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Be proud of the term Yankee

British troops sang “Yankee Doodle” to taunt us

Dear Matthew Alice: My in-laws recently came to visit from Ireland. When my mum made the remark, “That’s a Yank for you!” I said something derogatory regarding Micks. Where did we assume the name Yankee or Yank? How does one adopt a name like “Yank” or “Limey” or “Mick”? — Kelly, Mission Valley

Some fun at your house, Kelly. Do all your discussions end in insults and food fights? Well, you can bet name-calling is a sport older than recorded time. Calling the guy in the cave across town a pinhead probably predates fire.

“Yankee” seems to have been applied to several different nationalities, though I’ll warn you, this is another word that has a hazy parentage. I’ll go with the most commonly accepted story. The word originally may have been “Jahn Kees,” Dutch for “John Cheese,” the personification of a dirt-ordinary dolt. It was applied in the 1600s to Netherlanders by Brits and the Flemish. The resulting song, “Yankee Doodle,” with slightly different words from the one we sing, was sung in England as a put-down of Oliver Cromwell and the Puritans. (“Doodle” was a common Britishism for “simpleton.”) When British troops came to North America, they sang “Yankee Doodle” to taunt the colonists, most particularly New Englanders, and called them Yankees. During the American Revolution, New Englanders changed the song’s words to the lyrics we know today and sang it right back at the British, adopting proudly the name “Yankee” as a sort of self-defense. Since the label, good or bad, was most associated with New Englanders, it became a handy put-down for Rebels to use during the Civil War. World War I made the term universally known, sometimes a compliment, sometimes an insult, depending on who was saying it.

Yankee Doodle Update: In the earlier 1990s, the U.S. was plagued by a Bulgarian computer virus that brought your system to a sudden halt, then beeped out the tune to “Yankee Doodle” while it ate your data. Hey, Europe, back off!

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Dear Matthew Alice: My in-laws recently came to visit from Ireland. When my mum made the remark, “That’s a Yank for you!” I said something derogatory regarding Micks. Where did we assume the name Yankee or Yank? How does one adopt a name like “Yank” or “Limey” or “Mick”? — Kelly, Mission Valley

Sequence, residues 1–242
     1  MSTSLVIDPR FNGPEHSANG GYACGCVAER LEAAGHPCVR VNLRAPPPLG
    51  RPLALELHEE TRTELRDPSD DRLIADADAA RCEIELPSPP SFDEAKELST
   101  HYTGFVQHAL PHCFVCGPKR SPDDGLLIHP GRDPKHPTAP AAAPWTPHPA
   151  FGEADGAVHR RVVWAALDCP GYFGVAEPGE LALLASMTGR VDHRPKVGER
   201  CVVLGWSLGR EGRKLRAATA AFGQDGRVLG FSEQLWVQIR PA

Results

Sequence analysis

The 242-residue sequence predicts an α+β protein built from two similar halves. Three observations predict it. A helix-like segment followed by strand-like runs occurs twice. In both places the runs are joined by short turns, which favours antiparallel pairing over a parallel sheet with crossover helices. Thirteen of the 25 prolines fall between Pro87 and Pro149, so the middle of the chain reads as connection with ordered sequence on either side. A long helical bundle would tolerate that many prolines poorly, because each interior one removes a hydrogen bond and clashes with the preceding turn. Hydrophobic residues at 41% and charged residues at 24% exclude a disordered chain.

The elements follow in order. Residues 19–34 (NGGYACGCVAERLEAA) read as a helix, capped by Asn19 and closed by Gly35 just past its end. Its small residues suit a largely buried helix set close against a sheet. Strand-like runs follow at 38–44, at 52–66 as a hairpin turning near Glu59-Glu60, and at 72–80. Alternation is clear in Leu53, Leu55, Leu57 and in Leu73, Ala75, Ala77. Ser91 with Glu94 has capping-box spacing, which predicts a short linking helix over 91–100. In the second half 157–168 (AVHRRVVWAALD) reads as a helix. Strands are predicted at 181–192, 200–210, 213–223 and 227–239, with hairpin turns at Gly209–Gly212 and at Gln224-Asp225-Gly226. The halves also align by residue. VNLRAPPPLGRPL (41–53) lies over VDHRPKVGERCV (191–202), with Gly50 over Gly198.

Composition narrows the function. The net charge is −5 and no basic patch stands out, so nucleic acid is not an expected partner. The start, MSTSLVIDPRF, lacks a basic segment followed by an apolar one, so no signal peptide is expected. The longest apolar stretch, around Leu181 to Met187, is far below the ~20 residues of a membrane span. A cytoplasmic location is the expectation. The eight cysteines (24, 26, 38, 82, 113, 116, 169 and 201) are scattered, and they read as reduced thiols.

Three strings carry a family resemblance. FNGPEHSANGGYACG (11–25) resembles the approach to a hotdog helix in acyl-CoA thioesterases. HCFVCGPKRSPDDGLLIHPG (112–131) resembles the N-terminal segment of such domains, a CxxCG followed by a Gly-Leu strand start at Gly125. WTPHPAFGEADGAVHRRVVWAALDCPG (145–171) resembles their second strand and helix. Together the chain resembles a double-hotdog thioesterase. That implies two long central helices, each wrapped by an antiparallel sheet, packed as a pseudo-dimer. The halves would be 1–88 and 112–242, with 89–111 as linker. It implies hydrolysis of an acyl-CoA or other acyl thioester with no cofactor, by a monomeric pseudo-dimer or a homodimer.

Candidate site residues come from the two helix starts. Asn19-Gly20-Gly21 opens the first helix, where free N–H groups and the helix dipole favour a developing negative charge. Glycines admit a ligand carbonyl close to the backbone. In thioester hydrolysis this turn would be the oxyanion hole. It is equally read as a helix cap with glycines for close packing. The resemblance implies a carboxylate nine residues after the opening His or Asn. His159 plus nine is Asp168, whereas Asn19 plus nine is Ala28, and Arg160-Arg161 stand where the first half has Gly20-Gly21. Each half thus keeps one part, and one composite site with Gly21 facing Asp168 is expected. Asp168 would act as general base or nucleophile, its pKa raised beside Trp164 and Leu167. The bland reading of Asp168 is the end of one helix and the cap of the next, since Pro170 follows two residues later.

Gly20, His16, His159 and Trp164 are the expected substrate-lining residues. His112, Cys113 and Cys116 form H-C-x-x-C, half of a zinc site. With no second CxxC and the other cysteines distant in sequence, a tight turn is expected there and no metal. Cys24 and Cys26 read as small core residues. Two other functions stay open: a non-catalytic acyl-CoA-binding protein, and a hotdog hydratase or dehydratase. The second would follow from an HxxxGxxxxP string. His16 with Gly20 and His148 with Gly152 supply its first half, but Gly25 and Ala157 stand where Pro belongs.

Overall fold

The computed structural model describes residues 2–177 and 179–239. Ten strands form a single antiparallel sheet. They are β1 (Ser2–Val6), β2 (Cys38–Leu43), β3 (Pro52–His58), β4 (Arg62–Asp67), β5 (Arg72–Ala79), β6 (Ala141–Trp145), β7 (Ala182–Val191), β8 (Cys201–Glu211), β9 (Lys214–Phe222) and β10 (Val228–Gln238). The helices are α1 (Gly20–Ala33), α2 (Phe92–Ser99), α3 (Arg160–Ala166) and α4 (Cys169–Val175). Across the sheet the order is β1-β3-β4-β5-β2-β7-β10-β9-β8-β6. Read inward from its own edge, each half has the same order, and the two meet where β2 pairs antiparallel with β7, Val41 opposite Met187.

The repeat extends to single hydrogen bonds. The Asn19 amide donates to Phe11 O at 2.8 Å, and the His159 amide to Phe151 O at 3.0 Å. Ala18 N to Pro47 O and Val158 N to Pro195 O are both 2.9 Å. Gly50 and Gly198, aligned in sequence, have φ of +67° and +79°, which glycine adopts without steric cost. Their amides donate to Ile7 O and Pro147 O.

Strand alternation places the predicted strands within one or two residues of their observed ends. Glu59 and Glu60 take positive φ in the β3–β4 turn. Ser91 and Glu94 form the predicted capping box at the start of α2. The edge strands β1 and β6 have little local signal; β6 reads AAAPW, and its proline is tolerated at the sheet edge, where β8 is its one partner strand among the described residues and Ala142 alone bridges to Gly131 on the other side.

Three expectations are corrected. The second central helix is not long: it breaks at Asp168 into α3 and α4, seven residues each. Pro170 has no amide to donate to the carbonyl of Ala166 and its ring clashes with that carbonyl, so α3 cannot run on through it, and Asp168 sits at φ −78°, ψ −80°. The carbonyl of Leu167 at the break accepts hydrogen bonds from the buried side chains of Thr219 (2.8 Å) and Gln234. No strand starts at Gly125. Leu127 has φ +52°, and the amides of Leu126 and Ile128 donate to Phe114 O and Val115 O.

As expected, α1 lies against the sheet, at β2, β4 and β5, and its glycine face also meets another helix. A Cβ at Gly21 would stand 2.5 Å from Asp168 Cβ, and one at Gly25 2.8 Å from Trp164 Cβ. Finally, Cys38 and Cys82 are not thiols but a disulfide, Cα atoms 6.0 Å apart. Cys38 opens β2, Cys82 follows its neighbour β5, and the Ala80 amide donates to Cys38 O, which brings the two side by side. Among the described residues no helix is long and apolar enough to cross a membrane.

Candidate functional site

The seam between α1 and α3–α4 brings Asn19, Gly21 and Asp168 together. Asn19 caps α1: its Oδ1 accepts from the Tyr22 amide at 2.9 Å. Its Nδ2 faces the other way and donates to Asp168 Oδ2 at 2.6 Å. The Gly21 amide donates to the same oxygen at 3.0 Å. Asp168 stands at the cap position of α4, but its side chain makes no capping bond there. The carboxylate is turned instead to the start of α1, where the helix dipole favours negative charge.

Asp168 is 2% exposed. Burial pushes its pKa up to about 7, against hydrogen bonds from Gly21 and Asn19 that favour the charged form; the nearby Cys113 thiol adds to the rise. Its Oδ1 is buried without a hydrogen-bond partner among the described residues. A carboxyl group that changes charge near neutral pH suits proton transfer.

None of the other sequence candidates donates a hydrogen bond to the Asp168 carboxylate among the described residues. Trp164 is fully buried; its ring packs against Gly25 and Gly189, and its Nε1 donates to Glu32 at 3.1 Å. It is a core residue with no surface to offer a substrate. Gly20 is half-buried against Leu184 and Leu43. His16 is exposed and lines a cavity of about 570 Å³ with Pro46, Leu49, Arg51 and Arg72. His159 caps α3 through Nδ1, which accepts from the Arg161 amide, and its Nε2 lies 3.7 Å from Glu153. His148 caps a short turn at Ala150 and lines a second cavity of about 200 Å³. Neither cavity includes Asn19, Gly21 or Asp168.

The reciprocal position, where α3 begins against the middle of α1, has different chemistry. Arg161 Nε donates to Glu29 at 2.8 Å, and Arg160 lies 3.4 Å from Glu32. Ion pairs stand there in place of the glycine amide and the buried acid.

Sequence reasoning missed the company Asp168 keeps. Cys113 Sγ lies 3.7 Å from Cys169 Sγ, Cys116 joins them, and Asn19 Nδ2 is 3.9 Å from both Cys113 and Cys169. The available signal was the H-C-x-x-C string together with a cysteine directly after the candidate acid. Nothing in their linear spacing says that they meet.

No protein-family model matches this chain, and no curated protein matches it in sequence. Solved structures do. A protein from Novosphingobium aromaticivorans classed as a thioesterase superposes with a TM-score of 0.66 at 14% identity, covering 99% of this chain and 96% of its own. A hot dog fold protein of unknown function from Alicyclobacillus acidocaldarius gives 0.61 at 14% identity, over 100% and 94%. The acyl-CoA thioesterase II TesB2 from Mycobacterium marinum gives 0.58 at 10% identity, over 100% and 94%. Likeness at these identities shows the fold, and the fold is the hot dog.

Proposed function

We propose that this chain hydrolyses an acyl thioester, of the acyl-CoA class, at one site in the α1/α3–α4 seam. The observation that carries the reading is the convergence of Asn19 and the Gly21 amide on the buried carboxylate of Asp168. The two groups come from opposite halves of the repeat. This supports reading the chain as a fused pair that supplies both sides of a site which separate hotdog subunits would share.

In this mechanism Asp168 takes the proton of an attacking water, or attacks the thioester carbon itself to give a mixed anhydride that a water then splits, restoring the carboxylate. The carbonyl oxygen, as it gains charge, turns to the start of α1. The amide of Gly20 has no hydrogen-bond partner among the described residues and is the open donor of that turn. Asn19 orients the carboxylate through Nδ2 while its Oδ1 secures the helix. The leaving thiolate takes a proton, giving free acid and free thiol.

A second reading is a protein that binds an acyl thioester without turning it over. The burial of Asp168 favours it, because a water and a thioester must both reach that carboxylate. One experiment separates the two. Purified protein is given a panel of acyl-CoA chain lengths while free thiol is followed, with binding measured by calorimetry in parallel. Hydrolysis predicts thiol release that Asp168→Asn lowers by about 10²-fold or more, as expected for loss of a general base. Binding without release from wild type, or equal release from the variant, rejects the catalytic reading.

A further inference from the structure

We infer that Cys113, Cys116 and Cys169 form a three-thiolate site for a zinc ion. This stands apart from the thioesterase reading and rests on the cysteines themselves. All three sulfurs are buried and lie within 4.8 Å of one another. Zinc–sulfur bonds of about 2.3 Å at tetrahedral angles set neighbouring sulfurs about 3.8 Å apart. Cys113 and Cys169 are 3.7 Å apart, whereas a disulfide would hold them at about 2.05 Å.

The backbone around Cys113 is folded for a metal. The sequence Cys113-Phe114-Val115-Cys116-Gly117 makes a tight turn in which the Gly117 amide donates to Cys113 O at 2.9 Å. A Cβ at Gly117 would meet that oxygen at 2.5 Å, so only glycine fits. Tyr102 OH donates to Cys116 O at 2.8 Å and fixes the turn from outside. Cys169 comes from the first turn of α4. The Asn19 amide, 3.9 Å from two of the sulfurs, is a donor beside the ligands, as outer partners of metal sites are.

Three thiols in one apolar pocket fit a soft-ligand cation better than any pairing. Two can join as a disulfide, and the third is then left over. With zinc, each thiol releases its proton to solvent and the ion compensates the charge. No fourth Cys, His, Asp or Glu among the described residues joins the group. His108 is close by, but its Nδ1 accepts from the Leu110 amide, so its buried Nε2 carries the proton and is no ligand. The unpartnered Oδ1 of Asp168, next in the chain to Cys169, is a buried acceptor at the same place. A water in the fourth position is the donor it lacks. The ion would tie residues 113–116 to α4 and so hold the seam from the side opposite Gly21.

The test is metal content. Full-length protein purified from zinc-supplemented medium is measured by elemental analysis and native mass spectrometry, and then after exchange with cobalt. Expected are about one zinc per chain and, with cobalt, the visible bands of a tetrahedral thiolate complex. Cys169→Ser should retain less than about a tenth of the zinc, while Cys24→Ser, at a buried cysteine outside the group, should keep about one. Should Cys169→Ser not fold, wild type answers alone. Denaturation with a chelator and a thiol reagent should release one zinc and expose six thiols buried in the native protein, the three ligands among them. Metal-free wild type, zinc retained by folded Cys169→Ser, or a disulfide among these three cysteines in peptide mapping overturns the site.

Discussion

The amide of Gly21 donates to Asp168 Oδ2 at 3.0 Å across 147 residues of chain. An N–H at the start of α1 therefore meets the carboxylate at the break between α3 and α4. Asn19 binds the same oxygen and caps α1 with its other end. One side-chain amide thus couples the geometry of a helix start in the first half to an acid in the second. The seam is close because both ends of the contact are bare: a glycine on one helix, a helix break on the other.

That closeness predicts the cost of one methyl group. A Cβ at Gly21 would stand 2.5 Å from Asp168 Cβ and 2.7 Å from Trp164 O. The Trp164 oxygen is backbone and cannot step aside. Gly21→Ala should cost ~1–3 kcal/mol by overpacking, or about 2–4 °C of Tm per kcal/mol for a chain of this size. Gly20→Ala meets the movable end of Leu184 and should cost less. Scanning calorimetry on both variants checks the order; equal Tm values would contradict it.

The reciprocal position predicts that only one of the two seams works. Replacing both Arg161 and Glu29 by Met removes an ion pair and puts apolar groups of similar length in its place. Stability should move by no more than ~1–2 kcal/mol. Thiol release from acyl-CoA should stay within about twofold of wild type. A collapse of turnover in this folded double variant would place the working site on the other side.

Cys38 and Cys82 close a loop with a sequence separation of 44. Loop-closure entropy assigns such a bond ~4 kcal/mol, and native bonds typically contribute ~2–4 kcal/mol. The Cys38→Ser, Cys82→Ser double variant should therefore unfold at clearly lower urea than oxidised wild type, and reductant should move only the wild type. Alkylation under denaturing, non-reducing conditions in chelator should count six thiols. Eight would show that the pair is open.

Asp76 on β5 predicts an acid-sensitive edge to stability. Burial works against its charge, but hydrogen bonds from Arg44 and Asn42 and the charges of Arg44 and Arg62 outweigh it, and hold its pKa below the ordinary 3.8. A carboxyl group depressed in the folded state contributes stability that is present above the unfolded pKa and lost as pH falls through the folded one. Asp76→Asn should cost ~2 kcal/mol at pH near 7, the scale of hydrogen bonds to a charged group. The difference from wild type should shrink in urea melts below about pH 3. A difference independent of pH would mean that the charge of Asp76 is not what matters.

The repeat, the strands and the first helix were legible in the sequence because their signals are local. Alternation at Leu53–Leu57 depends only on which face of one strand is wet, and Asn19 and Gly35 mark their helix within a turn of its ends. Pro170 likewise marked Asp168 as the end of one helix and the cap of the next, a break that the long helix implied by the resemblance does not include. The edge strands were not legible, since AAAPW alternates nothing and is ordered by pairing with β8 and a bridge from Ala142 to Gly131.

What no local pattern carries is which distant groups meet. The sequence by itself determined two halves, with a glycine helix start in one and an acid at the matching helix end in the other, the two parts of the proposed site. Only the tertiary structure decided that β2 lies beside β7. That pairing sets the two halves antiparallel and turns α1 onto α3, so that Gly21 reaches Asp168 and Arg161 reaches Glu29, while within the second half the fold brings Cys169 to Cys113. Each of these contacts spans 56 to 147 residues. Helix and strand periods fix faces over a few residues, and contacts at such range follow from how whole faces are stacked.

Some fun at your house, Kelly. Do all your discussions end in insults and food fights? Well, you can bet name-calling is a sport older than recorded time. Calling the guy in the cave across town a pinhead probably predates fire.

“Yankee” seems to have been applied to several different nationalities, though I’ll warn you, this is another word that has a hazy parentage. I’ll go with the most commonly accepted story. The word originally may have been “Jahn Kees,” Dutch for “John Cheese,” the personification of a dirt-ordinary dolt. It was applied in the 1600s to Netherlanders by Brits and the Flemish. The resulting song, “Yankee Doodle,” with slightly different words from the one we sing, was sung in England as a put-down of Oliver Cromwell and the Puritans. (“Doodle” was a common Britishism for “simpleton.”) When British troops came to North America, they sang “Yankee Doodle” to taunt the colonists, most particularly New Englanders, and called them Yankees. During the American Revolution, New Englanders changed the song’s words to the lyrics we know today and sang it right back at the British, adopting proudly the name “Yankee” as a sort of self-defense. Since the label, good or bad, was most associated with New Englanders, it became a handy put-down for Rebels to use during the Civil War. World War I made the term universally known, sometimes a compliment, sometimes an insult, depending on who was saying it.

Yankee Doodle Update: In the earlier 1990s, the U.S. was plagued by a Bulgarian computer virus that brought your system to a sudden halt, then beeped out the tune to “Yankee Doodle” while it ate your data. Hey, Europe, back off!

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